To check your property records, first visit the website for your county’s Registrar of Deeds or Assessor’s Office—if available—otherwise, you may need to visit the office in person. Typically, you can look up your property by using your name, address, or the parcel number associated with your property.
The details on the record should include the name of the property owner and any liens or loans against the property. Compare this information with your personal records.
If you notice any discrepancies or unauthorized changes, contact the office immediately and consider seeking legal advice. Keep in mind that checking your property records should become a regular habit to effectively guard against home title theft.
2. Secure Personal Information
As home title theft often starts with identity theft, securing your personal information is crucial. Protect physical documents inside your home and be cautious about who has access to your personal information.
Online, ensure to keep secure passwords, use two-factor authentication when available, and don’t share sensitive information through unsecured networks.
[ see topic: Protecting Yourself from Online and Offline Fraud ]
3. Consider Title Insurance
If you did not choose to obtain an owner’s title insurance policy during the closing process, consider purchasing coverage now.e now.
Title insurance protects homeowners against any errors or fraud in the title history of their property, including home title theft. It is usually a one-time purchase that offers protection as long as you or your heirs own the property.
Title insurance can be purchased from any company that offers such services. Some homeowners choose to buy it from their mortgage lender or real estate agent, but it’s also possible to purchase it independently.
Various websites provide title insurance, and a quick online search can yield numerous options. However, it’s important to ensure that the company you choose is reputable and has a history of good customer service.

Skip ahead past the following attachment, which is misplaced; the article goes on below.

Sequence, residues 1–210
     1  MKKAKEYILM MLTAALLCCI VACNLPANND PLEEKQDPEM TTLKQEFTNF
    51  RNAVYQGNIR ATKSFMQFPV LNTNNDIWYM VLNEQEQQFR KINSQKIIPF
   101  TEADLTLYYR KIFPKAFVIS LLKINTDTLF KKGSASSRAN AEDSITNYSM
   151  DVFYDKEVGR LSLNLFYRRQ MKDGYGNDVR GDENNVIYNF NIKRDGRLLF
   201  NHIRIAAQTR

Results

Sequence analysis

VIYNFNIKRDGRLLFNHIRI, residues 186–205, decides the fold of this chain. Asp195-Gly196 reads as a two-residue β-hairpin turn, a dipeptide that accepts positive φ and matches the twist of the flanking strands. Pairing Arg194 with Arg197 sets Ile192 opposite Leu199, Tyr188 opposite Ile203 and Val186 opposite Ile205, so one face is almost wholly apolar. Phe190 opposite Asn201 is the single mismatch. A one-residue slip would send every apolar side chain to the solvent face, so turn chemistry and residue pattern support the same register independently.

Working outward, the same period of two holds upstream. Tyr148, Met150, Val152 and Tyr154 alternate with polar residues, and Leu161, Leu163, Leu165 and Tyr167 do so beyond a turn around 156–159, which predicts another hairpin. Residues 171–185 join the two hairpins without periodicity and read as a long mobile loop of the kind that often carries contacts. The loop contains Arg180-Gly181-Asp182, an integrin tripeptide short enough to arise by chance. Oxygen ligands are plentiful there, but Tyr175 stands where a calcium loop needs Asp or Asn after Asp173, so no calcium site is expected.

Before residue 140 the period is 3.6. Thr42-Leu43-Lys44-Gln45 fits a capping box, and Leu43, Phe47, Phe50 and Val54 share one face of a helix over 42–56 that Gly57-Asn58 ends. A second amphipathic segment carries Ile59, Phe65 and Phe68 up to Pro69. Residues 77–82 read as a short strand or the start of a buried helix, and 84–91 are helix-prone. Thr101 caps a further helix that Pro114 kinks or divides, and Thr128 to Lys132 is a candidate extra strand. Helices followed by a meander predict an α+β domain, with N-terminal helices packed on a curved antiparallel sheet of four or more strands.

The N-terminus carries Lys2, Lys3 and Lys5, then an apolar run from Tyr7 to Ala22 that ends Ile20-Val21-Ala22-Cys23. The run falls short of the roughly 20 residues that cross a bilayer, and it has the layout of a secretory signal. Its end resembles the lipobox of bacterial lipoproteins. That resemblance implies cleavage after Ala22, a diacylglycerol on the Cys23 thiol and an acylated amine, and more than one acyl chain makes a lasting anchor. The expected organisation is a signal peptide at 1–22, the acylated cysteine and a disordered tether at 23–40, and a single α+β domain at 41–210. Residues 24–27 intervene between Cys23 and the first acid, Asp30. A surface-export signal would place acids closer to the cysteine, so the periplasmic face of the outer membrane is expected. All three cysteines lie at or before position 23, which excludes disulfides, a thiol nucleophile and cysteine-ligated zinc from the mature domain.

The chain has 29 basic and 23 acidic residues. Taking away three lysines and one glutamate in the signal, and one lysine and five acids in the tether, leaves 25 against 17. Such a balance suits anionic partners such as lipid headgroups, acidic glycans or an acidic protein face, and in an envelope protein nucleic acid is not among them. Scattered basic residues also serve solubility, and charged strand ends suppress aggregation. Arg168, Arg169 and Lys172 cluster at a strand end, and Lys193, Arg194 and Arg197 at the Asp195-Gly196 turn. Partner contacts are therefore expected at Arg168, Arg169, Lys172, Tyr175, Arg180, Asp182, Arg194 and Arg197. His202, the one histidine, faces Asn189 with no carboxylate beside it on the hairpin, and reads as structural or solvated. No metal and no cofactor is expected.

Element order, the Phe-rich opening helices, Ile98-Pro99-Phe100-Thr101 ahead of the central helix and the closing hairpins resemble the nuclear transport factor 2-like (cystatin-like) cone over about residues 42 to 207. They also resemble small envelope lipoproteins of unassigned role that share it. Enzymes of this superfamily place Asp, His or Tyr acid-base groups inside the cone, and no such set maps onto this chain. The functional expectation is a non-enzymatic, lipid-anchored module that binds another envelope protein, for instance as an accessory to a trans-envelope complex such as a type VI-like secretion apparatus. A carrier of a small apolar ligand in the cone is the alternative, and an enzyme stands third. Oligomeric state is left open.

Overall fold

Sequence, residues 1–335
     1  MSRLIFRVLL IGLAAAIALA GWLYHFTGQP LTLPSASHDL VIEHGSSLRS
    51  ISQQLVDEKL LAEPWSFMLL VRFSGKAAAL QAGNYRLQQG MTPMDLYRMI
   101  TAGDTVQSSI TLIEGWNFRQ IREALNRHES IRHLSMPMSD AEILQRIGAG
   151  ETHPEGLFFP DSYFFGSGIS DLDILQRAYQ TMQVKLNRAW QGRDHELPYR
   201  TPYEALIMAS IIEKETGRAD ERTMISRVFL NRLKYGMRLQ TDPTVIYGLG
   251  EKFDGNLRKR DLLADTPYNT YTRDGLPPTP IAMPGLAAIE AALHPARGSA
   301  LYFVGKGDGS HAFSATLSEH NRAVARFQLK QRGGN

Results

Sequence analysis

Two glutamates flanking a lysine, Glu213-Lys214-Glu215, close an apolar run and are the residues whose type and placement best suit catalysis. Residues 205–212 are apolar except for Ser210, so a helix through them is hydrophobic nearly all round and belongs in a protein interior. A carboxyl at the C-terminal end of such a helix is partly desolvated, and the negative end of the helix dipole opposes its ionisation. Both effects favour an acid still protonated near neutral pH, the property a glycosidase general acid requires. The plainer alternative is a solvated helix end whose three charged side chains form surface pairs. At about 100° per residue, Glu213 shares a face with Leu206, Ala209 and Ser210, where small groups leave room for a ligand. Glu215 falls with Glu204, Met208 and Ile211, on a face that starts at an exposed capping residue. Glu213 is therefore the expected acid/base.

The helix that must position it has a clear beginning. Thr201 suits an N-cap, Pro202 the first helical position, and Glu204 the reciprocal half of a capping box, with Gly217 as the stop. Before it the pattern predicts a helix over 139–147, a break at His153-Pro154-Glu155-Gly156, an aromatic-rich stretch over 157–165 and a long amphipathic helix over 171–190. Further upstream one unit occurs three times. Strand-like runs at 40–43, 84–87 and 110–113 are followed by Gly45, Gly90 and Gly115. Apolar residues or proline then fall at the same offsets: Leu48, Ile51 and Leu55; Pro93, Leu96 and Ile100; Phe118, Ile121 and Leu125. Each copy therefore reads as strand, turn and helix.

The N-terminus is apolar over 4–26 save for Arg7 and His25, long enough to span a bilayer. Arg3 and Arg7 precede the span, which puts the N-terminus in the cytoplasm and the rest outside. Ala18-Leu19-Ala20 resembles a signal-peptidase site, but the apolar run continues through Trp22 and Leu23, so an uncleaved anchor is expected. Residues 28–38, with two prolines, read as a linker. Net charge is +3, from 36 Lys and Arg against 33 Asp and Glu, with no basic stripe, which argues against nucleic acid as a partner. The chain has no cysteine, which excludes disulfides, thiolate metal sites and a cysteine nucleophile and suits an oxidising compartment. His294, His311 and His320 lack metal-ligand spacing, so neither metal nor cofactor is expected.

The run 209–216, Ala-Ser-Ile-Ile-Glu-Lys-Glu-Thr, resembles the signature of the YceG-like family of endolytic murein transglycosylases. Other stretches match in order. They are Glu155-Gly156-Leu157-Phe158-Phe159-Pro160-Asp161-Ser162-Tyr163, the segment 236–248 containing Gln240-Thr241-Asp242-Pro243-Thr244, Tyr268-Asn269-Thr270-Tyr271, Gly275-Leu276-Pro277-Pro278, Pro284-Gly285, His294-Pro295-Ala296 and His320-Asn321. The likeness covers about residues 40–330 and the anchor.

Some factors to consider when choosing a provider include the cost, the coverage offered, customer reviews, and the company’s response time to claims. Remember, title insurance is a long-term investment in protecting your home title, so it’s worth taking the time to make an informed decision.
Be sure to read all the terms and conditions before making a purchase to ensure you understand what is covered by the policy.
4. Use a Home Title Monitoring Service
Utilizing a title monitoring service can be vital in defending against home title theft. These services work tirelessly to monitor the public records associated with your home. If any unusual or suspicious activities are detected, such as attempts to transfer the ownership or place a lien on your property, you will be promptly alerted.
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This early detection allows you to respond rapidly and take necessary actions to prevent potential fraud. Moreover, many of these services offer assistance in resolving any issues related to your home title theft, thereby providing an additional layer of security.
While this may involve a fee, many homeowners find that the protection and peace of mind it offers far outweigh the cost. However, it’s important to do your research before choosing a service, ensuring it is reputable, reliable, and suits your specific needs. Many of these services are ripe with fraund
In conclusion, while home title theft is a serious threat, there are steps you can take to guard against it. By staying vigilant and proactive, you can protect your home title and provide a robust defence against potential thieves.
Remember, the best defense against home title theft is a good offense.
Image Credit: how to protect your home title from theft by envato.com